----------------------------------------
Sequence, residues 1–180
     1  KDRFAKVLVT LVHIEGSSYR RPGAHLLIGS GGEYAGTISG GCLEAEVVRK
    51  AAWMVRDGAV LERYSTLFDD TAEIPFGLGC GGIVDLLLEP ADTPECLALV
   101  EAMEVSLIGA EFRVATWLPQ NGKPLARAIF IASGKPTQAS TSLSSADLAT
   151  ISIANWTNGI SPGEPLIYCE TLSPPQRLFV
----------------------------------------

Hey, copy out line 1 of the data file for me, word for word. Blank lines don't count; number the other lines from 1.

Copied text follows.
Sequence, residues 1–180